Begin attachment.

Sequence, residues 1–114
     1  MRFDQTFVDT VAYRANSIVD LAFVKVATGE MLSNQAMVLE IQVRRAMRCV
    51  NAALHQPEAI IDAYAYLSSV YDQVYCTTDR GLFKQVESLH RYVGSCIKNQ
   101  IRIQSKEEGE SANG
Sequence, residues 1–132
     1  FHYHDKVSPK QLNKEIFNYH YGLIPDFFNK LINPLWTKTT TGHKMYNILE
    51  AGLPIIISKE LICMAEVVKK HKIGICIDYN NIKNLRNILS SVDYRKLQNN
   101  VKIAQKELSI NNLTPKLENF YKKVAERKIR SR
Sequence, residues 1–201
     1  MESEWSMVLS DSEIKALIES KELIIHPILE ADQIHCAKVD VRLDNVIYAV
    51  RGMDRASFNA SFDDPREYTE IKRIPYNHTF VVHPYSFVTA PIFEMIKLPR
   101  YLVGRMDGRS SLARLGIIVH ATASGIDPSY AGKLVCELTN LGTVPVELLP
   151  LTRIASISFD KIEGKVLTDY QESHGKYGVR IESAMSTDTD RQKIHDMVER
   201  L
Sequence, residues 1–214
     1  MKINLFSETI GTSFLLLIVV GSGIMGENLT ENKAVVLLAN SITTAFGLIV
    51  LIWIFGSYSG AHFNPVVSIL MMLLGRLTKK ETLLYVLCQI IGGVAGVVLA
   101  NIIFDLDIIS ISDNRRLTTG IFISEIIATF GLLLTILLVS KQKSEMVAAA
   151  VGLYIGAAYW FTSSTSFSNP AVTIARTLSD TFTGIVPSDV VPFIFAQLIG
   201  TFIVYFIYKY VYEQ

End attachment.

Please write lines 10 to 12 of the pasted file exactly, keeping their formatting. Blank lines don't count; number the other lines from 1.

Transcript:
     1  MESEWSMVLS DSEIKALIES KELIIHPILE ADQIHCAKVD VRLDNVIYAV
    51  RGMDRASFNA SFDDPREYTE IKRIPYNHTF VVHPYSFVTA PIFEMIKLPR
   101  YLVGRMDGRS SLARLGIIVH ATASGIDPSY AGKLVCELTN LGTVPVELLP